Onrush came out of nowhere for me. I got tuned into the game after seeing some beta footage and the words Burnout used to describe it. As one of my favorite arcade racers, seeing Burnout used to describe something in any capacity instantly gets my attention for better or worse.
Doing a bit of digging, I also found out that the studio behind the game is basically made up of former Evolution Studios members, the group behind Sony’s old Motorstorm franchise as well as DriveClub. Codemasters, another well versed racing company, scooped the team up after Sony closed the studio and gave them a new place to call home. That’s another game franchise that I loved so Onrush seemed like a safe bet.
Unfortunately, for me, the game kinda got lost in the shuffle due to E3, my vacations, and life in general. Based on sales numbers so far, it appears that I wasn’t the only one with this problem. This past weekend, the game re-entered my stream of consciousness thanks to a free weekend event on Xbox One, giving me an opportunity to essentially try before I buy.
So, was I enamored by the arcade action of Onrush? Read on to find out…
Presentation-wise, Onrush does not stray away from color like the original Motorstorm did. Sure, the tracks are all outdoors, but you’re getting much more than the tans and browns of old. If I had to describe it, Onrush employs an almost nightclub like atmosphere with bright colors, lush environments, and the various vehicles themselves. It’s a beautiful game to look at, even when you’re moving through it at a breakneck pace, and the game knows it. I stumbled into a photo mode and naturally, I had to play around with it.
Gameplay-wise, Onrush is actually refreshingly different from what you’d expect. The most surprising element is that you don’t actually race at all.
…I’ll let that sink in for a moment…
Yes, Onrush is a racing game where you don’t race. Here’s where the Mad Max portion of the article’s title comes in. The game comes with a bunch of different objective based modes, but the core gameplay loop involves combat racing similar to what you’d find during the car segments of Mad Max: Fury Road. Drive fast, smash your enemies, take risks, and boost!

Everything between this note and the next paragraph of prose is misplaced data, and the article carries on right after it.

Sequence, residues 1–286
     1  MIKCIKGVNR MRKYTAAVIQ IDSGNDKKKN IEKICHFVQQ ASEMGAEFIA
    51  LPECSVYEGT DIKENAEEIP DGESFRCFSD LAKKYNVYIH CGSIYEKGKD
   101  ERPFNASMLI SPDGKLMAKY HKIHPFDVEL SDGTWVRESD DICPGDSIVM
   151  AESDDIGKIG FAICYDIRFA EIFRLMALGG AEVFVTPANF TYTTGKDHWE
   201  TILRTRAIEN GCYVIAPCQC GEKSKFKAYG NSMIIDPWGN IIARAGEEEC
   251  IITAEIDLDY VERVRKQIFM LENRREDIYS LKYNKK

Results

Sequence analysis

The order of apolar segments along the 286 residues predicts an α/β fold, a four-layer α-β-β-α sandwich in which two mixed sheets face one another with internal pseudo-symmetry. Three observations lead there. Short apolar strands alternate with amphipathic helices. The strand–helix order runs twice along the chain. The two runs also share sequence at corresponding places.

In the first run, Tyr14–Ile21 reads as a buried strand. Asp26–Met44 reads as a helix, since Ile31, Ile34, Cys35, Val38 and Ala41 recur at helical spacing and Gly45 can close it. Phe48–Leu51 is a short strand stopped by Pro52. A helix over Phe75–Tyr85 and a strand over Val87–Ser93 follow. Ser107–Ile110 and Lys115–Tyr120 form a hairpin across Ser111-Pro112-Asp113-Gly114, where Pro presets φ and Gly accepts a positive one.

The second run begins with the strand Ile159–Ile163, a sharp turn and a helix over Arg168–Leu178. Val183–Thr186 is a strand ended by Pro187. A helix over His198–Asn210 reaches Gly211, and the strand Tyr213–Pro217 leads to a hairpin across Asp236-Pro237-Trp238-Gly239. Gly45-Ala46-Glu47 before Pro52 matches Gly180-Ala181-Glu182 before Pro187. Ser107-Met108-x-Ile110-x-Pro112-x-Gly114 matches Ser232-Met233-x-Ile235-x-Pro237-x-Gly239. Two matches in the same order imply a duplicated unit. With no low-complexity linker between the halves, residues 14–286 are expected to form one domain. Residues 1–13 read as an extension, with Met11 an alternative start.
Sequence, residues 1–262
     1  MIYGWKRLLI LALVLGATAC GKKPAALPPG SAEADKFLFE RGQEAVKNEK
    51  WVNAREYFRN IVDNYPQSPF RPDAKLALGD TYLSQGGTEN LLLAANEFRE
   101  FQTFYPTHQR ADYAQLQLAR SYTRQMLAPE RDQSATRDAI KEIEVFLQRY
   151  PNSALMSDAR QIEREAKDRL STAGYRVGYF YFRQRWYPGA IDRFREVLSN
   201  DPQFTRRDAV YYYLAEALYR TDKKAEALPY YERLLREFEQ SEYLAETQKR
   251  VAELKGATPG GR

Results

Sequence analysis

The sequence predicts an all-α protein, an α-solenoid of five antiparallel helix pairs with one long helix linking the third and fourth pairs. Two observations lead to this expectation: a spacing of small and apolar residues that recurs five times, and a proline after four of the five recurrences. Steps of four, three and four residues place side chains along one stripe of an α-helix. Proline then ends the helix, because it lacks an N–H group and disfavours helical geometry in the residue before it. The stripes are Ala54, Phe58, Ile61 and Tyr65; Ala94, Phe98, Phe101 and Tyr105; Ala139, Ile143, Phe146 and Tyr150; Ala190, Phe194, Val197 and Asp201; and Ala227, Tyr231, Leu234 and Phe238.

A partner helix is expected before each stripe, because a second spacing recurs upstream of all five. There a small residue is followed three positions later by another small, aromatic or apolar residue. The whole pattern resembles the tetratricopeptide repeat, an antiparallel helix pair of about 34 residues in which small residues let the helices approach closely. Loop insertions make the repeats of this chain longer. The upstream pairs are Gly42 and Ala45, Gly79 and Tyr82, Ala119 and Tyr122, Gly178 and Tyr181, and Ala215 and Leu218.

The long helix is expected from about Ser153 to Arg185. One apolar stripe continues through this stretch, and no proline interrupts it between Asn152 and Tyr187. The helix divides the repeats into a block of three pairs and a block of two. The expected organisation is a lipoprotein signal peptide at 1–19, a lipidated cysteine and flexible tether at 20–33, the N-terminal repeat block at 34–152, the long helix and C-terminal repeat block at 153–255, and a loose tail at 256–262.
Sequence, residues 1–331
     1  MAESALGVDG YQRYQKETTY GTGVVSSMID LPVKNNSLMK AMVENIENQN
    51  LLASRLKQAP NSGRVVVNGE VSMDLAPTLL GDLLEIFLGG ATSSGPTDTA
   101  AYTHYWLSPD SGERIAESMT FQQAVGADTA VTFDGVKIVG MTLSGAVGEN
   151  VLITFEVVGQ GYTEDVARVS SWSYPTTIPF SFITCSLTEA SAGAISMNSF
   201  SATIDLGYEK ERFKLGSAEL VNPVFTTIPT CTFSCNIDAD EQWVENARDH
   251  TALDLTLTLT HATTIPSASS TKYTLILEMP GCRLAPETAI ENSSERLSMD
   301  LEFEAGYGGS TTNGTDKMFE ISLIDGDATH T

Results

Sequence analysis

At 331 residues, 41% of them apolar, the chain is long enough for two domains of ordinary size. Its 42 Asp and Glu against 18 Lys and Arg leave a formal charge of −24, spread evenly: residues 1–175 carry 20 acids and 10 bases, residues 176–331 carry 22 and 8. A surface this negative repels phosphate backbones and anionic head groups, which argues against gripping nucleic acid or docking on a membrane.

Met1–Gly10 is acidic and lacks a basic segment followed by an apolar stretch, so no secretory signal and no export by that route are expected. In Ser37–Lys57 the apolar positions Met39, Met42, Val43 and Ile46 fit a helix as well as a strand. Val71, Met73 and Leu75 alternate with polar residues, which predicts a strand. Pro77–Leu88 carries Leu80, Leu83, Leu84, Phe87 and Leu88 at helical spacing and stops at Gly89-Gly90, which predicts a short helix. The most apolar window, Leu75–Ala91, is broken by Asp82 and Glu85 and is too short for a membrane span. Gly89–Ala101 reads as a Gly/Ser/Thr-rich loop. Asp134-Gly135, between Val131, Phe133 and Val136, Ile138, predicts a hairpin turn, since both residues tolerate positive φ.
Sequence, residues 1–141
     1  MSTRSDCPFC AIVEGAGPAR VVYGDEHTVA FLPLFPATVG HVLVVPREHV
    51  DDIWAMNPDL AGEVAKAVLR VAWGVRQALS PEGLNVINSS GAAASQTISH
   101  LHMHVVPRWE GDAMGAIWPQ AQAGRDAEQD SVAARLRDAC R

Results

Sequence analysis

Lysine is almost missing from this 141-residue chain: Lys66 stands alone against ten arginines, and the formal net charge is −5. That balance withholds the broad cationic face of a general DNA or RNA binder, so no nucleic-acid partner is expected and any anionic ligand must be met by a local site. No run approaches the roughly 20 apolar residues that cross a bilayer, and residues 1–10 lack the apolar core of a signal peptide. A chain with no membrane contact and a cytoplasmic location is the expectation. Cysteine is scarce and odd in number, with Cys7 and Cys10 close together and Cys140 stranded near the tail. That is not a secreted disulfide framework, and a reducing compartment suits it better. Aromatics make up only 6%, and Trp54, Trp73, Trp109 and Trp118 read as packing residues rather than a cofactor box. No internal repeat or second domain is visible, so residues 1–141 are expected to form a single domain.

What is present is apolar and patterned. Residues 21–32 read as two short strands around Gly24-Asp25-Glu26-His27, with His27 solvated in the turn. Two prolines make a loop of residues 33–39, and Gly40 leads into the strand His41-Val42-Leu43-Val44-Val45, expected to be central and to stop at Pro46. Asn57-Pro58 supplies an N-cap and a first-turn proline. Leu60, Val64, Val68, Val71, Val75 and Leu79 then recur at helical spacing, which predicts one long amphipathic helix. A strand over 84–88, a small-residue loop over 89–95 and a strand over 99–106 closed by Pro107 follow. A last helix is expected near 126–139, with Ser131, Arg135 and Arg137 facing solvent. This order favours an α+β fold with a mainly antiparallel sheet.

The cars themselves act more like character classes than anything else as well. The 8 vehicle types range from the small and nimble motorcycles to the hefty hummer like SUVs. Each class of vehicle has abilities such as gaining boost for driving close to enemies or performing take downs. What’s better is they all race together on the track which naturally leads to plenty of action and chaotic moments. Add in the fact that there are neutral fodder vehicles which are part of the stampede and really only there to be crushed.
Each car has an ultimate ability called Rush which propels the car forward at ridiculous speeds and has some sort of effect. Certain rushes may drain the boost of nearby enemies, drop barricades that slow down enemy racers, or turn the car into a near indestructible battering ram. Each car feels different and helps to keep the racing exciting.
I will say that the car designs, especially at the beginning before you start unlocking better skins, aren’t all that impressive. For the most part, you’ll be driving more extreme system vehicles so if you’re expecting realistic, Forza style cars, you’ll be disappointed. Even some of the low end liveries (skins) feel a little generic, though you’ll unlock more interesting stuff the longer you play.
Customization also extends to the drivers you can pick from. While purely cosmetic, each driver has different colors, skins, and even a alternate look that can be unlocked through a loot crate system. This isn’t pay to win however, as you can spend money on unlocking new crates. You get a new crate for gaining a new level, which seems to happen fairly often, so I constantly felt like I was unlocking new things at a quick pace.
As a team based racing game, I found most of the modes to be pretty fun, though some are better than others. In Overdrive, teams score points by boosting and driving dangerously, where the first to the target score wins. Countdown features a timer that ticks down, while teams race through checkpoints to earn a few more seconds and avoid missing it or crashing. Lockdown is an interesting take on King of the Hill as both teams race to try and capture a constantly moving zone. Switch is similar to Gun Game in first person shooters, though after crashing, 1 life is deducted from the team pool and the player has to pick a new vehicle class in a higher tier.
The single player campaign does a good job introducing these modes and keeping them feel fresh through a career progression and tournaments.
A special mention needs to be said about the music, which is almost like a live DJ is scratching to what’s happening on the screen. The adrenaline filled music fits the theme and presentation perfectly and other vocal samples are subtlety layered in when various actions happen such as crashing or if a team is about to win a round. It’s fantastic.
So if you couldn’t tell, the free trial totally hooked me to the point where I went out the next day to pick up a copy. I haven’t actually tried the game out online yet, but it’s on my list of things to do. For now, I’m enjoying my time through the campaign mode and how it’s actually managed to pull me away from Destiny 2 during a major limited event like Solstice of Heroes. That has to say something, right?
If you’re looking for a fast and fun arcade racer that changes the expectations of what a racing game is supposed to be, then Onrush shouldn’t be missed.